The road was originally used as a cattle property access road and over the years it has been upgraded, although many areas continue to be prone to floods, particularly in the eastern areas of the highway.

The Plenty Highway

The 498km track contains large portions of unsealed roads and it’s important that travellers take note of road conditions before starting out on the track. This information can be obtained from the Harts Range police station, which is situated along the Plenty Highway about 112km from the Stuart Highway.

The road quickly deteriorates to earth, bulldust and rock once four-wheel drivers are past the Jervois Station in the NT, and potholes become a frequent obstruction on the track. The track requires at least two or three days in order for visitors to really be able to appreciate everything that it has to offer.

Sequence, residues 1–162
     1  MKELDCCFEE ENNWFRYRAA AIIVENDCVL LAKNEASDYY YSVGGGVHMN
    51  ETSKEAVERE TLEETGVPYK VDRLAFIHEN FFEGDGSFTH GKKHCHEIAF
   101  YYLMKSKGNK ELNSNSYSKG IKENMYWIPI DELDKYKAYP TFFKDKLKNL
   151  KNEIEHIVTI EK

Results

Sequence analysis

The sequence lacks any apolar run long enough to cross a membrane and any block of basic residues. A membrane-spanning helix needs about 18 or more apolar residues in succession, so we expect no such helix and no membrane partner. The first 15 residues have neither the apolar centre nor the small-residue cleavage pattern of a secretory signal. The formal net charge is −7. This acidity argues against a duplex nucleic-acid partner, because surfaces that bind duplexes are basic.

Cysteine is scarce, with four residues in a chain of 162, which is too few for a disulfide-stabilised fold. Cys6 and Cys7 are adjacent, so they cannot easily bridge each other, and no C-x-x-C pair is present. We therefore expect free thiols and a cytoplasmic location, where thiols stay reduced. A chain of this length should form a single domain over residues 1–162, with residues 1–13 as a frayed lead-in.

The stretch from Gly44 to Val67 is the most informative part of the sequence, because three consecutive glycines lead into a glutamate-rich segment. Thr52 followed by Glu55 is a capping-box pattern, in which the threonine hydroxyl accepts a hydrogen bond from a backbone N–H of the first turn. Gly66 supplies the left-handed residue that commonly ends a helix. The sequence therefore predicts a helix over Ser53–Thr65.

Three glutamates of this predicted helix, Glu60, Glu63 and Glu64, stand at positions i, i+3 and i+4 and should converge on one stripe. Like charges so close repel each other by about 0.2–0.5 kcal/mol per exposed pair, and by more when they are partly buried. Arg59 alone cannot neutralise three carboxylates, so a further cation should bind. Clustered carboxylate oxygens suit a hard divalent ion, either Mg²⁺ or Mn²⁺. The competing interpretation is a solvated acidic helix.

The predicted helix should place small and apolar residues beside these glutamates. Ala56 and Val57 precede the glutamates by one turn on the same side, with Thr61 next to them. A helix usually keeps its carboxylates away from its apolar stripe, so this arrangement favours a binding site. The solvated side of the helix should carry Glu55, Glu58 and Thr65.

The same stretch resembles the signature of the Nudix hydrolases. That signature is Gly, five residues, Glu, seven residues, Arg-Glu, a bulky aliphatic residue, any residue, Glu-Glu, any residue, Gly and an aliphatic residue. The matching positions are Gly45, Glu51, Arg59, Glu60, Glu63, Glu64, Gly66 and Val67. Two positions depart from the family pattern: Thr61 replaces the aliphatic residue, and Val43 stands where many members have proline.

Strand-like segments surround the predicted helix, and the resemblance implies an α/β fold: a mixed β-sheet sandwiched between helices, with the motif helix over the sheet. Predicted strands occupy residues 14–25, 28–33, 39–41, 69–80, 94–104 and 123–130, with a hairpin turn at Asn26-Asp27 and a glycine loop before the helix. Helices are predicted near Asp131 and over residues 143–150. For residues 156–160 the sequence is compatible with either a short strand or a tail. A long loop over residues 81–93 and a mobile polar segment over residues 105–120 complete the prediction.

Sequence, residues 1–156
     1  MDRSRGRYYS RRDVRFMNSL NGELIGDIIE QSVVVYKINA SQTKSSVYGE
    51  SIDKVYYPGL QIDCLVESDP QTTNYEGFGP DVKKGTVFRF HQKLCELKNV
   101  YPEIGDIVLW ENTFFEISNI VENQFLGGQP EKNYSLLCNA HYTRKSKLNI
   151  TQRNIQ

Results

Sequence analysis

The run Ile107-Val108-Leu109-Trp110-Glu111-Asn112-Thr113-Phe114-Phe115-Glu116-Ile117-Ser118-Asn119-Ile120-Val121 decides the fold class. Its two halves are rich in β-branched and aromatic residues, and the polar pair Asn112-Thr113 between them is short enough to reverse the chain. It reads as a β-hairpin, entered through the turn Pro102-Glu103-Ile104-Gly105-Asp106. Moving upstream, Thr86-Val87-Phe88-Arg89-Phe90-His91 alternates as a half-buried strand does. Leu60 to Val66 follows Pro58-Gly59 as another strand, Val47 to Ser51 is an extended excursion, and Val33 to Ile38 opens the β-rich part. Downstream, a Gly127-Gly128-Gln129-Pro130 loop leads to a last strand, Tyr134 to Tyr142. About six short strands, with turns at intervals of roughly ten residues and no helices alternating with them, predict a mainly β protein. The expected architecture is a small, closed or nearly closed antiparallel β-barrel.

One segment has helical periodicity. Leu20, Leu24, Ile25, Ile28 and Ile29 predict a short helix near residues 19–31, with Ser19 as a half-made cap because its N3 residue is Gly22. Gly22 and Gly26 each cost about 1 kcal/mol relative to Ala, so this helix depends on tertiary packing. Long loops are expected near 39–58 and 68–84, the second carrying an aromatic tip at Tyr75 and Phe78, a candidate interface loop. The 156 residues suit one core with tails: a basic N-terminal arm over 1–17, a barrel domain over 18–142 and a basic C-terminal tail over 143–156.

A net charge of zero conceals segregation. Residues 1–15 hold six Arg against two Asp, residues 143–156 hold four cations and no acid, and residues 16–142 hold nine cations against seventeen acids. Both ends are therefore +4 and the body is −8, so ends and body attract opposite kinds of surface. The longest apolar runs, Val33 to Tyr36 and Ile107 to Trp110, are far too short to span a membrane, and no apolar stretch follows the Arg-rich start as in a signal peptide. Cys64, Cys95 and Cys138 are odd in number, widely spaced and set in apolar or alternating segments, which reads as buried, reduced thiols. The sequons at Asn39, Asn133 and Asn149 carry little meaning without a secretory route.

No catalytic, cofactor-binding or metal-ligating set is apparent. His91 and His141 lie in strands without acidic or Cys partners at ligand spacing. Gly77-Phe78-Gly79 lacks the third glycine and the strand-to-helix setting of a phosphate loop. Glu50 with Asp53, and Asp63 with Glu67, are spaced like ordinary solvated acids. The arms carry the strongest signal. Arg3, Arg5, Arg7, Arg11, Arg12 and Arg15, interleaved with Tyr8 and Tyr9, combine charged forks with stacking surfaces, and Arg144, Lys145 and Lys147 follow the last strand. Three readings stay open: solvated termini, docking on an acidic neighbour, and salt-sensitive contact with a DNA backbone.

Ensure you have all the necessary safety gear for driving on outback roads, including a sand flag and a UHF radio so that you can communicate with other 4WDs and the road trains that can kick up just a bit of dust on their way past.

Camping on the Plenty Highway

There are plenty of good camping opportunities along the Plenty Highway, ranging from bush camping to more formal campgrounds.

Gemtree Roadhouse happens to be one of the most popular destinations. Located about 720km west of Boulia, the camping grounds offer travellers the chance to stock up on groceries and fuel. The site also boasts a caravan park with powered and unpowered sites as well as cabins.

There’s a campground at Jervois Station (no booking necessary, pay on arrival). The sites are undesignated and unpowered, but there are bathroom facilities and fuel pumps next to the homestead.